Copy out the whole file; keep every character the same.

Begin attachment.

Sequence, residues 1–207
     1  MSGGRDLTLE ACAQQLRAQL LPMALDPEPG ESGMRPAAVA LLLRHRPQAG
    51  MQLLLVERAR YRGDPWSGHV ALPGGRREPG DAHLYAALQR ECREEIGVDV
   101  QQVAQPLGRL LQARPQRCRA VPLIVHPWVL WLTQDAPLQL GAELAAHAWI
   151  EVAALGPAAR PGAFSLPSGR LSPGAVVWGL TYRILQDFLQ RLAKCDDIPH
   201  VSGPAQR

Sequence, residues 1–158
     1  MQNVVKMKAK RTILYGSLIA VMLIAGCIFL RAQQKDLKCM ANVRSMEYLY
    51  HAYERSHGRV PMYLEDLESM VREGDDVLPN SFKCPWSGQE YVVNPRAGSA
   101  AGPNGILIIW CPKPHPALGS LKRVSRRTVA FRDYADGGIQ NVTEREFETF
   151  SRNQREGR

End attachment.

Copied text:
Sequence, residues 1–207
     1  MSGGRDLTLE ACAQQLRAQL LPMALDPEPG ESGMRPAAVA LLLRHRPQAG
    51  MQLLLVERAR YRGDPWSGHV ALPGGRREPG DAHLYAALQR ECREEIGVDV
   101  QQVAQPLGRL LQARPQRCRA VPLIVHPWVL WLTQDAPLQL GAELAAHAWI
   151  EVAALGPAAR PGAFSLPSGR LSPGAVVWGL TYRILQDFLQ RLAKCDDIPH
   201  VSGPAQR

Sequence, residues 1–158
     1  MQNVVKMKAK RTILYGSLIA VMLIAGCIFL RAQQKDLKCM ANVRSMEYLY
    51  HAYERSHGRV PMYLEDLESM VREGDDVLPN SFKCPWSGQE YVVNPRAGSA
   101  AGPNGILIIW CPKPHPALGS LKRVSRRTVA FRDYADGGIQ NVTEREFETF
   151  SRNQREGR